Portrayals of bad moms becoming less taboo

In TV shows, the challenges of flawed mothers — such as Bonnie (Allison Janney), a recovering alcoholic on “Mom” — are typically played for laughs.

In a pop-culture world in which almost anything goes in terms of foul language, nudity, alcohol and drug use, imperfect moms are among the last taboos.



Which is why the hedonistic behavior on display in the film “Bad Moms” — including the scene in which Amy (played by Mila Kunis) arrives at a school bake sale with store-bought doughnuts — can be so startling.

“When you put the word ‘mom’ in there, this certain set of characteristics subconsciously infiltrates your mind,” said actress Kristen Bell, who plays another beaten-down “bad mom” in the film. “You enter this realm of martyrdom. People are scared to write mothers who take time for themselves.”

That reluctance, though, might be starting to change.

“Bad Moms,” written and directed by “Hangover” filmmakers Jon Lucas and Scott Moore, is among a handful of recent films and TV shows that push back at mom shaming.

With an empathetic view on modern motherhood, these films and shows often reflect the anxieties of women stretched to the limits by an era of helicopter parenting, tiger moms and Pinterest-ready perfectionism.

Hoping that moms just want to have fun — at least occasionally — distributor STX has been marketing “Bad Moms” as an opportunity for mothers to have an R-rated night out, partnering with brands such as Uber, Match.com and the lingerie line Cosabella. TV ads for the film have a “ Hangover”-like feel, emphasizing debauchery and clearly making the judgmental moms into the villains.



Besides Bell and Kunis, the “Bad Moms” stars Christina Applegate, Jada Pinkett Smith, Kathryn Hahn and other relatable women acting in unfamiliar ways.

In “Tallulah,” a film with a more serious tone streaming on Netflix and in theaters, the title character (Ellen Page) steals a baby from an irresponsible yet compassionately drawn mother named Carolyn (Tammy Blanchard).

After “Tallulah” premiered at the Sundance Film Festival in January, writer-director Sian Heder was surprised to be accosted by women who said they connected to Carolyn, a supporting character who drinks too much, has an affair and doesn’t seem to know how to diaper her daughter.

“After the premiere, I became this weird priest hearing these bad-mommy confessions, and I realized all moms feel like failures,” said Heder, a mother of two. “There’s a disconnect between the role of the mother as it’s presented in the movies and what it actually feels like to be a mom, the amount of guilt and shame you put on yourself.”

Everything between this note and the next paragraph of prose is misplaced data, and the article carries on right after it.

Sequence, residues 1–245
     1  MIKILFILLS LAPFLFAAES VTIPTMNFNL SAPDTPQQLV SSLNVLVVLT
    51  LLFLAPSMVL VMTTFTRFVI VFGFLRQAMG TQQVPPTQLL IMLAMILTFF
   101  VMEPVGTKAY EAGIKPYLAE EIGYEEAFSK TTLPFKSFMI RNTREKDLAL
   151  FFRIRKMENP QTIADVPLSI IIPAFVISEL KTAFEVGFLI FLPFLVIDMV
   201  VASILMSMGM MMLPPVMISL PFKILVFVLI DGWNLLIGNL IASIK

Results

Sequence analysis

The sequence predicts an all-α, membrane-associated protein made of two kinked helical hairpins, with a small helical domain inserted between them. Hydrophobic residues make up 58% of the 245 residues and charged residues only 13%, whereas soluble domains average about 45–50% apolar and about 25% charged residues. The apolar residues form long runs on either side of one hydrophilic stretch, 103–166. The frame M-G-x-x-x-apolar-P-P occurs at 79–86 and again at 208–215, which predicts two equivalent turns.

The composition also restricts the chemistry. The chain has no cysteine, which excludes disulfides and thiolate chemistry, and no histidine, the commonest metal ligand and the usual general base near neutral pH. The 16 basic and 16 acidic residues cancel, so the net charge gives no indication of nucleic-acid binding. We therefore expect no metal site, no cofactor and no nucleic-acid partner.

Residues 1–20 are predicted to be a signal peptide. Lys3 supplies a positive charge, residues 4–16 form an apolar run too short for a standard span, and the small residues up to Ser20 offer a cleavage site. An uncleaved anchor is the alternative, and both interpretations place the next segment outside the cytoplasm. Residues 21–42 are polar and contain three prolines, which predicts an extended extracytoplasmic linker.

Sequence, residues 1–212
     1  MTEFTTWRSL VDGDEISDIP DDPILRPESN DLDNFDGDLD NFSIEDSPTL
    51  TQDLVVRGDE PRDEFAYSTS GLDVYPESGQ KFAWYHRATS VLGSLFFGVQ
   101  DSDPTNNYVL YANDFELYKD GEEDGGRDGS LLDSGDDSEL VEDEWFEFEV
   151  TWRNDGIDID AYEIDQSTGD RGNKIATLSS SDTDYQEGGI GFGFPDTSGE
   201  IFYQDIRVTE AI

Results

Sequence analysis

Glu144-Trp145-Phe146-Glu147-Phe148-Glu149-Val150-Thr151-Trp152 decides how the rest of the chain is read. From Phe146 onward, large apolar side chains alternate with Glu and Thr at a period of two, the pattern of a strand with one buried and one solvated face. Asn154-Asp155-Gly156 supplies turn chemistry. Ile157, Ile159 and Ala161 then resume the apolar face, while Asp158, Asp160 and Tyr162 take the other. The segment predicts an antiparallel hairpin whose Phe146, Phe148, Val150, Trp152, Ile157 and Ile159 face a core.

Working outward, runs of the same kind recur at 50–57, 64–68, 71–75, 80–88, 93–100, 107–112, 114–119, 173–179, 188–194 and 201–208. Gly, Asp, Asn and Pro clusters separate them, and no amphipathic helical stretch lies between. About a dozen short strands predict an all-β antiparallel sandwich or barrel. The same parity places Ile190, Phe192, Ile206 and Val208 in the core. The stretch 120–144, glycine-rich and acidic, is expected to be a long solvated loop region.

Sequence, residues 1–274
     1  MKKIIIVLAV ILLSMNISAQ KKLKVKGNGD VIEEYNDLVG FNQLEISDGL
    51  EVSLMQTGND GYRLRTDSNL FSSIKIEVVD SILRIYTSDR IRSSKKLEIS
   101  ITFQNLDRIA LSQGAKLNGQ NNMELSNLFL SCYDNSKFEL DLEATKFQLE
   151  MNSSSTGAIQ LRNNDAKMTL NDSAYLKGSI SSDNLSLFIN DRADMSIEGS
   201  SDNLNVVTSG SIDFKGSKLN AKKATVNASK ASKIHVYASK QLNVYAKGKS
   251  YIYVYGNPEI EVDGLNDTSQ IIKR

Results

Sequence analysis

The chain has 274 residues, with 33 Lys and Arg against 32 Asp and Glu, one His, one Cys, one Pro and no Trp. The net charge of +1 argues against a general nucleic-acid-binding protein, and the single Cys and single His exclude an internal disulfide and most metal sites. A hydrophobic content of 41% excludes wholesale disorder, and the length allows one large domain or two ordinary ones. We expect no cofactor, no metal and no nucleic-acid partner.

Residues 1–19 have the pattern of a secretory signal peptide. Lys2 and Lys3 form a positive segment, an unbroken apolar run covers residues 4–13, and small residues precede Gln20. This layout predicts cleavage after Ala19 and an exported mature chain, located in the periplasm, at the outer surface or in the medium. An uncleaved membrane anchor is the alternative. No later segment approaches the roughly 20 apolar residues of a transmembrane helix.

On television, the challenges faced by flawed modern moms are often played for laughs, as in the satire “Odd Mom Out,” now airing in its second season on Bravo, in which writer and star Jill Kargman warily navigates the wealthy mommy clique of New York’s Upper East Side.

Or on “Mom,” a CBS show set to begin its fourth season in the fall, which centers on the lives of a mother-daughter duo of recovering alcoholics played by Anna Faris and Allison Janney (Janney also plays a stressed but sympathetic mom in “Tallulah”).

Not everybody thinks such flawed screen models of motherhood are a good idea.

After the “Bad Moms” trailer premiered — showing Kunis, Bell and their co-stars drinking, partying and seeking other escapes from maternal responsibility —Taylor Baehr, a writer for the Christian movie website Movieguide, posted a YouTube video protesting the movie.

“When I see media portrayals of moms running from their children, it’s hard for me to watch,” said Baehr, a mother of one with another child on the way. “It puts out this message that decisions you make as an individual mom don’t have a ripple effect on your family.”

Historically, moms on screen who aren’t wholly self-sacrificing are often portrayed as self-absorbed villainesses, such as Faye Dunaway’s abusive Joan Crawford in “Mommie Dearest” or Mo’N ique’s dysfunctional matriarch in “Precious,” — archetypes that have centuries-old roots, as Heder recently discovered while reading to her children.

“The idea of the wicked mom is so prevalent in fairy tales,” she said. “But the evil father doesn’t really exist.”

Through the years, women have vented their maternal anxieties in popular culture — cartoonist Roz Chast’s depictions of bad moms in the pages of the New Yorker became so popular you can now buy them as trading cards. (Card No.17: Gloria B. “promised to take daughter to mall after school and then didn’t.”)

But in 2016, the new standard for women is to measure themselves — and find themselves lacking — against their friends’ impeccably curated social-media profiles. Heder noted that as she was groggily editing her movie and writing for “Orange Is the New Black” while caring for two children younger than 2, her photographer husband was sharing idyllic-looking family photos on Facebook.

“On social media, my mom friends are seeing this superwoman, this image of perfection,” Heder said. “The thing that they’re not seeing is that I’m almost traumatized by leaving my toddler to go to the set. Or that I pulled over my car on the way to work and took a 45-minute nap.”

In test screening audiences of moms for “Bad Moms,” Lucas and Moore, both fathers, said they were surprised to find that many women actually wanted more maternal misbehavior in the movie.

“We were concerned some of the stuff was going to be too raunchy,” Lucas said. “We were pleasantly surprised that moms wanted us to push the raunch. They were disappointed there wasn’t more male nudity.

“One thing we heard from several women was, ‘People don’t make movies like this for us.’ ”